Photo by Ali Moharami on Unsplash

1976 is a very different kind of ‘dictatorship’ film. In the first feature of actor-turned-director Manuela Martelli, it’s established from the start that the focus won’t be 1976 Chile itself, but, instead, a bourgeois woman living under the repressive regime. Said woman, played by Aline Küppenheim, is Carmen: the wife of a rich doctor in the capital city of Santiago. Carmen does not work herself, although it’s revealed that she was once in the Red Cross — a period she appears to look back on with great nostalgia.

“Danger is never visually showcased in the film. However, the looming threat of violence is everywhere.”

In the film’s slow first scenes, Carmen spends her days tirelessly trying to occupy herself. She runs errands, speculates on what perfect shade of coral wall paint she should get for her beach house’s renovation, and looks wistfully at the body of a young builder. It’s clear from the long shots of her sleeping, showcasing her ennui, that Carmen is not suited to this quiet, repetitive lifestyle; a fact that seems to be well known by all around her, including her husband, who repeatedly thanks anyone that helps keep her ‘occupied’ while he’s away at work.

That is, until Carmen’s double life commences. It all starts when her local priest asks her to heal a young man hiding in the priest’s house, who is suffering from a deep gunshot wound in his leg; he confides in her that he “couldn’t have gone to anyone else”. The anonymous (for self-protection) wounded man is a member of an underground network of left-wing radicals, who has found himself helpless and isolated; he can’t be handed over to a hospital, as this would also mean giving himself over to the authorities and then, no doubt, being killed.

Carmen agrees to help him instantly, being the bravely empathetic character that she is. But progressively, as Carmen embarks on countless mini-missions in an effort to reconnect her patient with his comrades, it becomes evident that her undertakings aren’t purely selfless: Carmen thoroughly enjoys this rebellion, finally finding her talents being challenged and being put to use for a noble cause. Furthermore, while Carmen is by no means a natural-born revolutionary, the time she spends with her patient and his collaborators undeniably radicalises her: she gradually finds herself more and more ideologically isolated from the sheltered, bourgeois class that she inhabits.

Danger is never visually showcased in the film; however, the looming threat of violence is everywhere. It’s in the close-up shots that capture the menacing glares of strangers that appear to track Carmen’s every move, as well as particularly apparent in the booming score, somewhat reminiscent of Dario Argento’s Suspiria, which resonates in action-filled scenes to heighten the tension of Carmen’s illicit activities.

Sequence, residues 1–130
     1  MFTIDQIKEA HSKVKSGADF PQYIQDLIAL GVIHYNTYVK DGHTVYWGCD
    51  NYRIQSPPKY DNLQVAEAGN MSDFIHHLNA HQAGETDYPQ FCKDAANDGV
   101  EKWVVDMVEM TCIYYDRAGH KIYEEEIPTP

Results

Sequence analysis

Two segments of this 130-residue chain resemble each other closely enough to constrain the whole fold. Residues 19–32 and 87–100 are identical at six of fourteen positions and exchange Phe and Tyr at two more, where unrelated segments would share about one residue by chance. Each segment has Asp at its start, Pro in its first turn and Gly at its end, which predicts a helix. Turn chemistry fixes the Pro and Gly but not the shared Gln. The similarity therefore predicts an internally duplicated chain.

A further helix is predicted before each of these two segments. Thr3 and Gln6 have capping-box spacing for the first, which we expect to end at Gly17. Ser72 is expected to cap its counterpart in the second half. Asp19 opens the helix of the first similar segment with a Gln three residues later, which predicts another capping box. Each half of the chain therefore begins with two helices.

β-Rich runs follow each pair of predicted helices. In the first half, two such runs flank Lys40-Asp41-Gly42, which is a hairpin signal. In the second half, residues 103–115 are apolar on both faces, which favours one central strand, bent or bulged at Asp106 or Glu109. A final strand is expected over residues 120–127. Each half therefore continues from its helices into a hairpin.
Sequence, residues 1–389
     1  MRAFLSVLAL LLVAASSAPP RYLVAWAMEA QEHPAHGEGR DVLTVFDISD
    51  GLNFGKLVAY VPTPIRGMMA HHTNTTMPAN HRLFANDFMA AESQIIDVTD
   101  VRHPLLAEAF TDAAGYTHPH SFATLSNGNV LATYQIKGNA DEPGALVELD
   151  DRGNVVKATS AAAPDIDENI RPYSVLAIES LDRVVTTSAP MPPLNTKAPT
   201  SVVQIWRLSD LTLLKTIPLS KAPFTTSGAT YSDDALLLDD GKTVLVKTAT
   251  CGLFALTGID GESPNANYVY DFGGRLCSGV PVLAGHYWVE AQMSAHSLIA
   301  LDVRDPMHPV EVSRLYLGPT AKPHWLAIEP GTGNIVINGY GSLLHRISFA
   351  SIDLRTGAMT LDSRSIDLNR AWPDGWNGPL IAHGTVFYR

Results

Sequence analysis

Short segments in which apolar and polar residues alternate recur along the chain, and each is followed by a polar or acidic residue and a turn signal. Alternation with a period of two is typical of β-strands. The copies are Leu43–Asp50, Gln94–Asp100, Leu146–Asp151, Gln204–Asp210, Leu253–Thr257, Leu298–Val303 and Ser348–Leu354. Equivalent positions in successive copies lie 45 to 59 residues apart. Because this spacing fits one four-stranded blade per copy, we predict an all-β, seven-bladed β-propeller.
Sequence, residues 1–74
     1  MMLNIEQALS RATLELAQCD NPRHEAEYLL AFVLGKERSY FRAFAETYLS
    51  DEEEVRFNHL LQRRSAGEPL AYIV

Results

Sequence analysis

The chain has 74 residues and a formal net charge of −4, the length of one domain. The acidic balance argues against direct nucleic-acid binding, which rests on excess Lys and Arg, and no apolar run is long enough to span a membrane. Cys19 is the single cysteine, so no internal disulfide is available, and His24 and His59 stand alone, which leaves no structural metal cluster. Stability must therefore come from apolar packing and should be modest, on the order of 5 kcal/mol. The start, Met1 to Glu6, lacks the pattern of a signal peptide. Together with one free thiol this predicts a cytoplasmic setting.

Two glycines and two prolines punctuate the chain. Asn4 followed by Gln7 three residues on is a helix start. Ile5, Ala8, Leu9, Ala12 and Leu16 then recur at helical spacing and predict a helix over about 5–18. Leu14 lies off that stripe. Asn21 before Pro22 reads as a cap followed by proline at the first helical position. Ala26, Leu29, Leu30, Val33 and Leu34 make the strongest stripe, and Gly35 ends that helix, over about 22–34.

“She gradually finds herself more and more ideologically isolated from the sheltered, bourgeois class that she inhabits.”

Similarly, the regime itself is never spoken about in explicitly political terms; instead, characters’ political affiliations are hinted at through metaphors. Like, for example, the wife of her husband’s friend, whose fascistic leanings are initially expressed through her distaste for the name of Carmen’s boat: Cleopatra, a name Carmen obviously chooses because it’s the nom de guerre her patient’s comrades ascribe to her. Therefore, this woman’s immediate repulsion at the name Cleopatra acts as a little symbolic wink to the viewer as to what this woman believes. A wink that is later cemented for us when the woman launches into a tirade about the inherent “mediocrity of Chile”, which can only be resolved, according to her, under ‘serious’ leadership. This is, of course, a common fascist talking point, often used to justify inhumane authoritarian rule.

The end of this tale of repression and rebellion comes abruptly with a devastating final scene: this scene comes after Carmen returns home, having found the priest’s house ransacked and learnt that her patient has been discovered and killed. In the nightmarish closing sequence, Carmen carries a beautiful birthday cake over to her granddaughter while sobbing, unable to pretend any more. No one around her acknowledges this, as they continue eerily to sing ‘happy birthday’. As Carmen’s granddaughter blows out the candles, Carmen’s revolutionary hope dies too, alongside the burning flame.


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1976 is a remarkable debut film and an addictive psychological thriller. It’s a very quiet film (minus the deafening score) about suppressed desire and dreams, that is beautifully subdued and sensitive. Aline Küppenheim carries the film’s narrative fantastically, with an intricate characterisation evocative of Isabelle Huppert, whilst dressed in the most delicious costumes. For art house babes, history lovers, and even thrill chasers alike, there’s much to love in 1976; at the very least its aesthetics: its pastel film cinematography will arm you with the perfect arty Insta story content, which’ll give your followers a welcome break from the cheeky cafe shots of your paper 2 revision textbook.